Good Game, Covid

Speedrunning the Coronavirus Game

Written and published by Ryan Chou on November 16th, 2020.

We all want to return to normal. We want the schools, the bars, the movie theaters, the gyms … we want our pre-2020 life back.

Instead, we have cases. We have deaths, we have people experiencing symptoms for extended periods of time, and we have people with long-term health effects. These people are our friends and family, members of our communities, or even ourselves.

Instead of the wonderful normalcy that existed before, we now have COVID-19.

And yet, people have expressed a range of opinions on taking strong action against the virus. To better understand why it might be necessary, let’s compare it to the gaming concept of speedrunning.

Speedrunning is when a player attempts to finish a game (or a level) in the shortest amount of time possible.

We want to get back to normal, so it’s time to think about how we can speedrun the COVID game.

Why a Speedrun?

Drawing out the length of the pandemic is not a viable plan. Globally, it’s been projected that 1.75 million will be dead and 250 million will be infected by June of next year. Many others will continue to suffer, for months, from lasting symptoms and long-term organ damage.

On top of this, despite recent, more positive news regarding vaccine development, there still remain many questions about production and distribution. The winter is coming, and the vaccine definitely won’t be here to stop the outbreaks that could occur then.

On the other hand, taking strong action and bringing the virus down to zero, or near zero, now, could allow us to significantly relax restrictions far before the arrival of the vaccine, and, with the support of the vaccine, completely remove the restrictions. It’s the best chance we have to minimize mortality, morbidity, and economic harm in the long run, and allow for a return to normalcy.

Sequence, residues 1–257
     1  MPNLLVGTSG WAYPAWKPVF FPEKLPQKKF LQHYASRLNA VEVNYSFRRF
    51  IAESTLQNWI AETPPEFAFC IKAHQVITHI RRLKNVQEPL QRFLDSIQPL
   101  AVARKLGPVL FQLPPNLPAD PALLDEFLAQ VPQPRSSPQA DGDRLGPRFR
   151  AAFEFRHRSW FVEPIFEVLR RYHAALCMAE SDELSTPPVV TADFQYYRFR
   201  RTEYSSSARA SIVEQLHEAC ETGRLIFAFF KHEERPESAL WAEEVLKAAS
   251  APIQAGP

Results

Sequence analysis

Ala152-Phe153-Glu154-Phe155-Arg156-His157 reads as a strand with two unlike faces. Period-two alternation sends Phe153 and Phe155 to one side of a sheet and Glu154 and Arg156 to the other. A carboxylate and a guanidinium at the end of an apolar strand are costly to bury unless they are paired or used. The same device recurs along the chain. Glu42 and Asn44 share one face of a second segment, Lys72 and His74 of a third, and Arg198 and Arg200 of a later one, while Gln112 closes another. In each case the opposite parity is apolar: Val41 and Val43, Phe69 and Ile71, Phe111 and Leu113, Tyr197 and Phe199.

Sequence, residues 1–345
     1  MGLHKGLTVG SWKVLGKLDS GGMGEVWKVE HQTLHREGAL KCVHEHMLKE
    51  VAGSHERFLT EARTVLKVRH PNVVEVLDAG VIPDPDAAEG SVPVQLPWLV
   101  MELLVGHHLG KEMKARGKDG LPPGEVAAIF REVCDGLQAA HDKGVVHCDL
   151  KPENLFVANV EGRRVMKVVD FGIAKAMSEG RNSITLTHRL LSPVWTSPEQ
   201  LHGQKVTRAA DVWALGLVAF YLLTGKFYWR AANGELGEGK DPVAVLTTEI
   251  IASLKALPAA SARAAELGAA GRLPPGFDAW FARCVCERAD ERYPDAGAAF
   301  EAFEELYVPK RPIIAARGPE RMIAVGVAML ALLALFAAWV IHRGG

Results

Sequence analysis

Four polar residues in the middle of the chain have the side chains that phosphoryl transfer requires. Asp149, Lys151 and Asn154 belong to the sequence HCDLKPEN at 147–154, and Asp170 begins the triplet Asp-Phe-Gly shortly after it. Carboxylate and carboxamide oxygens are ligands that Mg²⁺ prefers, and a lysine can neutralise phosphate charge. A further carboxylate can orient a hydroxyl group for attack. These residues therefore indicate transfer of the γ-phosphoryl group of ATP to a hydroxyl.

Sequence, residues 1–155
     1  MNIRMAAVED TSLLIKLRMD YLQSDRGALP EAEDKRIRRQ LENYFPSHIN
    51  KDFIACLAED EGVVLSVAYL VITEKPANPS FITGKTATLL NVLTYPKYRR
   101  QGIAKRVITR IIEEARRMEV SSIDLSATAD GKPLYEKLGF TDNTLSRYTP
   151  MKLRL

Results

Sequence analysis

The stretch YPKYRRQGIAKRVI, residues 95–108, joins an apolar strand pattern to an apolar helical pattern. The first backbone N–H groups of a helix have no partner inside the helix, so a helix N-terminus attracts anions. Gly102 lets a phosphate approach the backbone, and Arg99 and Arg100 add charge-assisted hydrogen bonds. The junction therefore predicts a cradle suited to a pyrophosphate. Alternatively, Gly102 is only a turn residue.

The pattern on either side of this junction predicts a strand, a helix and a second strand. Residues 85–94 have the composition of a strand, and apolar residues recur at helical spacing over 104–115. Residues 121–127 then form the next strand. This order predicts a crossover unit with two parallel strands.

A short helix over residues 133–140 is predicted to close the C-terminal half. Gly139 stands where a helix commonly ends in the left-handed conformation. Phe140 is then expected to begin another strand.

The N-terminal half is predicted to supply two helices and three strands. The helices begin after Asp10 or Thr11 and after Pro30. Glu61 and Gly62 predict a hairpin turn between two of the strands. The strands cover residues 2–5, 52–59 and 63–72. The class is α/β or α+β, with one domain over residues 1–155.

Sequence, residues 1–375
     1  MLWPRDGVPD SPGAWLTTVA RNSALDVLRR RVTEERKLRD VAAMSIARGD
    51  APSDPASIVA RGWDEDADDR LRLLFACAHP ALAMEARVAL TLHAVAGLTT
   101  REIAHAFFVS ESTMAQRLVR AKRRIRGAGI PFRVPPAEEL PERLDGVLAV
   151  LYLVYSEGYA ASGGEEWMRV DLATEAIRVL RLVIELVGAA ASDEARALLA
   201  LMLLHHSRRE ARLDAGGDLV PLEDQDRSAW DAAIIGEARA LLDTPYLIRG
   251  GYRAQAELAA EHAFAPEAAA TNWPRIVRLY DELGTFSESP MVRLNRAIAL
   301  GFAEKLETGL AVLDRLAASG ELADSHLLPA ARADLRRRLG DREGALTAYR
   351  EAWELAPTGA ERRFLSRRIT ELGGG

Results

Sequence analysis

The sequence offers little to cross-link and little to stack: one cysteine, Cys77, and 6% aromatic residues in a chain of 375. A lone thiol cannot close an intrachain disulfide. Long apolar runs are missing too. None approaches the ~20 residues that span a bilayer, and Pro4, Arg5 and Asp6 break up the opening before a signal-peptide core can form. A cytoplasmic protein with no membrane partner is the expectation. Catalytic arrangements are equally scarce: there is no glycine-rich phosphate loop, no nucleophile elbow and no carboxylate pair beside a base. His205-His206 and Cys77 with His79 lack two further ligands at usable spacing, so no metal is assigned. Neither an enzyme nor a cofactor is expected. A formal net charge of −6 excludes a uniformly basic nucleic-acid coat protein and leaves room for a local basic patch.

What’s the Target?

The first step, before attempting a speedrun, is to know the game, to identify the target. “Return to normal” is relatively vague, so it’s important that we understand what “normal” would be like. The normal that most of us are probably thinking about, is the state of life we had before late 2019.

How many cases did we have then? Zero.

The reason why we were able to safely travel and party was because COVID-19 didn’t exist. Gatherings wouldn’t spread the virus, simply because there was no virus. And we can make it that way again.

That’s impossible, right? Wrong.

We’ve already succeeded in the past. In 2003, the SARS epidemic, caused by SARS-CoV, a close relative of SARS-CoV-2 (as the name suggests), was completely eliminated, with the last case being in 2004. Similarly, Ebola was brought under control in 2016, and later, separate outbreaks were quickly contained. MERS, caused by a more distant relative of SARS-COV-2, was also mostly controlled.

Even during the COVID-19 pandemic, countries like NZ, AUS, Taiwan, Thailand, Vietnam, China, Singapore, and dozens of others have brought their daily case counts to zero or near zero. Doing so has allowed them to significantly relax restrictions without fear of uncontrollable outbreaks. Sure, it’s possible that there might be imported cases (from areas not yet at zero) but it’s significantly easier to quarantine imported cases and contain small outbreaks when they occur. As the analogy goes, it’s easier to fight small fires that appear once the main fire is put out, than to live amid a giant fire.